Barred owl re-nest

by / Thursday, 13 April 2017 / Published in Education and Awareness, PRWC Happenings, WaterLine
Barred owlet

Peace River Wildlife Center admitted a branching barred owl this week.  The little guy had fallen out of his nest in a tree cavity at a local park.  Observers were watching the family and reported that there were two other babies still in the nest—a clutch size of two to three is normal for barred owls.  Our first objective when presented with a baby bird, especially a raptor, is to get the baby back into the nest, if at all feasible, as quickly as possible.  We don’t want the parents to leave the area, thinking the baby is gone and not coming back.  With two more in the nest, we had a little more time to arrange a re-nesting of this kiddo.

A good thing too, because we needed a little extra time to assess this baby’s health.  He came to us with distinct cloudiness in the lenses of both eyes.  We don’t see barred owl youngsters as often as great horned owls and screech owls, and we have never observed cloudy lenses in healthy members of those two species.  When he first came in, the baby barred owl seemed rather oblivious to us.  He did not focus on us and did not track, or follow our hands when waved in front of his face.  We were concerned that he may have been blind—a possible reason for him having fallen from his nest.

Barred owls were historically found on the east coast, in old growth forests because they prefer to nest in natural cavities and hollows of mature trees.  As this type of habitat becomes scarce, they will now nest in man-made structures like boxes or steal stick nests built by crows, hawks or even squirrels.  They do not migrate and usually spend their entire lives within a six-mile area.  This species has been expanding north and west, into Canada and now down into northern California.

Hatchling barred owls are born covered in white fluffy down, which is replaced in nestlings at two to three weeks by a secondary greyish-buff down.  At six weeks the fledglings start to get their adult feathers, beginning on the back, over the scapular or shoulder area.  Then the abdomen, flanks, and upper breast get feathers, in that order.  By four months of age the head will still be downy.  The young barred owl will have complete adult plumage by six months.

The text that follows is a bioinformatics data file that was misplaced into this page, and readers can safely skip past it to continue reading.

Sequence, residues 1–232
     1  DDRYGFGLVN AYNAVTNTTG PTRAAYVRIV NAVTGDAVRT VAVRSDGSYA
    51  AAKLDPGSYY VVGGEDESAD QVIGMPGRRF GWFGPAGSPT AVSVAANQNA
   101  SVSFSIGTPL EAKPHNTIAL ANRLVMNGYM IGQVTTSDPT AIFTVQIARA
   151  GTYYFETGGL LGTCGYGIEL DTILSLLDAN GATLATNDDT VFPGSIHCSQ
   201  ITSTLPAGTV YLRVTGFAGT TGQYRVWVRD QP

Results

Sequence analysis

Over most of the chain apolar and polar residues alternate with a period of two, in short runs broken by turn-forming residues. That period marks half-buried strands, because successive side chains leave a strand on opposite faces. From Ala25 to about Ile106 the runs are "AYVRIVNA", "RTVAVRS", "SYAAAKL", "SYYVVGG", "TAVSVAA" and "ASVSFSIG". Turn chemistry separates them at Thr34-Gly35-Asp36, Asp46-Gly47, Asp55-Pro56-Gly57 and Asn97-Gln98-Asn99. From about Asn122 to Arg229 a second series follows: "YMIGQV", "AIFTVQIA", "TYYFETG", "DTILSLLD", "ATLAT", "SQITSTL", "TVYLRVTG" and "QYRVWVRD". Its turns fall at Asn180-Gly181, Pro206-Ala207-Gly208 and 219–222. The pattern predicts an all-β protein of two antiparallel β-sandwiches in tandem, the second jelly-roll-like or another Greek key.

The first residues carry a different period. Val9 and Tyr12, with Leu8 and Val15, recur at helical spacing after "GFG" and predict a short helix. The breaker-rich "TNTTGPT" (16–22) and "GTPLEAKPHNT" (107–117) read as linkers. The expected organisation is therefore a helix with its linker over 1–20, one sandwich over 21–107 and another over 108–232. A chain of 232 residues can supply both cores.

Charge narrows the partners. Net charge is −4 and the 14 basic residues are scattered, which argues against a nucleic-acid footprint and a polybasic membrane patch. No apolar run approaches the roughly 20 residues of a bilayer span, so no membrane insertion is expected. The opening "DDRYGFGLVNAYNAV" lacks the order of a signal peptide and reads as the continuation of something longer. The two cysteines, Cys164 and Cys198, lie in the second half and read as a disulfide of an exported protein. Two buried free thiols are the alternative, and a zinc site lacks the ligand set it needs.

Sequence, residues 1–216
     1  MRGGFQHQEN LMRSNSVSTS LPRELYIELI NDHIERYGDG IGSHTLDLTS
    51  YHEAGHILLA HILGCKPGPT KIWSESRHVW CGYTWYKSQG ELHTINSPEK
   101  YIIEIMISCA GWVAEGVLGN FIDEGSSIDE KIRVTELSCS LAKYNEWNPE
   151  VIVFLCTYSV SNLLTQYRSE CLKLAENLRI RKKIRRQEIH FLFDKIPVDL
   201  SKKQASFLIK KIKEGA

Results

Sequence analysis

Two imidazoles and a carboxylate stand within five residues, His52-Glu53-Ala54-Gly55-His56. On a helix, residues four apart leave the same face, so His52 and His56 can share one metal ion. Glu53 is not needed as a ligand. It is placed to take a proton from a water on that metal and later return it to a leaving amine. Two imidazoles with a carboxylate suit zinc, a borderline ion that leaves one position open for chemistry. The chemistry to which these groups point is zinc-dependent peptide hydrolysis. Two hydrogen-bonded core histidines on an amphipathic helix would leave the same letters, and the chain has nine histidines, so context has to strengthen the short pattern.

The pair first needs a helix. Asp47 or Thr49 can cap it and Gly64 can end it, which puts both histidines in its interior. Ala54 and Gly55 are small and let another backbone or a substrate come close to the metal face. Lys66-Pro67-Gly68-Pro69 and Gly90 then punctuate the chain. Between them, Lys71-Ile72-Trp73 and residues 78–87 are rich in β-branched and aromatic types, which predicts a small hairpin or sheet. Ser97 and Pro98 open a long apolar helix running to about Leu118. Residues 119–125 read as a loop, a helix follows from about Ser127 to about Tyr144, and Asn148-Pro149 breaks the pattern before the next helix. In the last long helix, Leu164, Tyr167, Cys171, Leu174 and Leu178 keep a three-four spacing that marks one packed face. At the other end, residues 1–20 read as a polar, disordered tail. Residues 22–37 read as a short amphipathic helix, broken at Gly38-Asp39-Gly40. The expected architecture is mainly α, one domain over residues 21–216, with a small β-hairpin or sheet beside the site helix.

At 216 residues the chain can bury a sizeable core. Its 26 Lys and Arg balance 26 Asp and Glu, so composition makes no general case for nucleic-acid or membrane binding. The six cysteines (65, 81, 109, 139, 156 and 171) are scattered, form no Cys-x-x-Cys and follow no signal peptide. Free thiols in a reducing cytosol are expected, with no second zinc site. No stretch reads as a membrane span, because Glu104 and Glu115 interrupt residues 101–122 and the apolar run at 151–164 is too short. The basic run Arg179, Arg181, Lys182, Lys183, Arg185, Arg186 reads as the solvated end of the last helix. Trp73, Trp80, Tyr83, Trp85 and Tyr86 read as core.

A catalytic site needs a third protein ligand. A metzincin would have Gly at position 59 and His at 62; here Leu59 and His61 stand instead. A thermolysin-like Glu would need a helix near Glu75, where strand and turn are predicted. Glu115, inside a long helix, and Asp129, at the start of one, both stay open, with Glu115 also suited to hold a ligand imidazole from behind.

By three weeks of age, a baby barred owl is normally moving around the nest and will snap his bill and lie on his back if threatened, presenting his talons.  At four to five weeks, the branching baby will perch on the edge of the nest and climb out onto nearby branches.  If he drops to the ground, he can even climb back up his tree or a neighboring one using his talons, beak, and fluttering his wings to get to lower branches and perch there while his parents protect and feed him there.  The barred owl’s primary predator is the great horned owl, although raccoons can be a threat as well.

With a raptor at the age of the one presented to PRWC (approximately 3 to 4 weeks) it is vital that we handle the bird appropriately.  That is to say, not handle it any more than absolutely necessary.  We do not want to habituate this baby, making him associate humans with food or comfort.  We want him to fear us and look to others of his own species for all of his needs.

Dr. Salisbury examines the barred owl's eyes

Dr. Salisbury examines the barred owl’s eyes

Within a few days of his admission, the baby barred was scheduled for an appointment with a local veterinary ophthalmologist, Dr. M-A Salisbury, in Sarasota.  After a thorough exam, the baby was given a clean bill of health.  Dr. Salisbury was able to see that the structures in the backs of his eyes, behind the cloudy lenses, appeared to be normal.  By this time, he was tracking and watching us intently, clicking up a storm, talons at the ready to attack if an unsuspecting hand got too close.  (It did.  Trust me when I tell you, it hurt.)  It was determined that any lenticular cloudiness would resolve as the owl matured.  So, with the question of his vision answered, the only thing left to do was get him back up into his nest.

This is where we call in our friends at Wildlife Center of Venice.  WCV co-founder, Kevin Barton, never disappoints when asked to re-nest a raptor for us.  This re-nesting was on the easy side, only about 20 feet up and fairly easily reached with a ladder.  Kevin had only to clamber over a few branches from the top of the ladder and tip the baby back into the nest cavity.  (See how easy it is for me to say it was easy?  I’m not the one trying to wrestle a raptor up a ladder, perched precariously against some spindly tree, with mom and dad dive-bombing my head!)

By the time we gathered our gear and answered questions for the small crowd that had amassed, the baby was another ten feet up the tree.  He had sprung right back out of the nest and was climbing up the tree faster than Kevin was climbing down.  Something tells me it was his devil-may-care spirit that got this kid into trouble to begin with, not a problem with his vision.  Perfect vision aside, he may not live to see adulthood if he doesn’t slow down a little.

by- Robin Jenkins, DVM

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